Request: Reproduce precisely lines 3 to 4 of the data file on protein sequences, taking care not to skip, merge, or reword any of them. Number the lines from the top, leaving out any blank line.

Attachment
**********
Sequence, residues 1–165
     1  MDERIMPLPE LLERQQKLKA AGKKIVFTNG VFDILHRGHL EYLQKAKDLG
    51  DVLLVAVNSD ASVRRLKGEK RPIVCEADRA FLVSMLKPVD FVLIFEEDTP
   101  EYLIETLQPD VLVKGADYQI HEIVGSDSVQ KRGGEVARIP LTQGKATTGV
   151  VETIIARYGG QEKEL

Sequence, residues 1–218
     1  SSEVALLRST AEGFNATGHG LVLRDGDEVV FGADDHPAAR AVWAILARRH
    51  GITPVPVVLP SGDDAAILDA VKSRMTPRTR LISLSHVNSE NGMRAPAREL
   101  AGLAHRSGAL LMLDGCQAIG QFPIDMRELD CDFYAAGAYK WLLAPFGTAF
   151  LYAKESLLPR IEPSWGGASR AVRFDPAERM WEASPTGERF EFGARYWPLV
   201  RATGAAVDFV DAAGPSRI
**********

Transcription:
    51  DVLLVAVNSD ASVRRLKGEK RPIVCEADRA FLVSMLKPVD FVLIFEEDTP
   101  EYLIETLQPD VLVKGADYQI HEIVGSDSVQ KRGGEVARIP LTQGKATTGV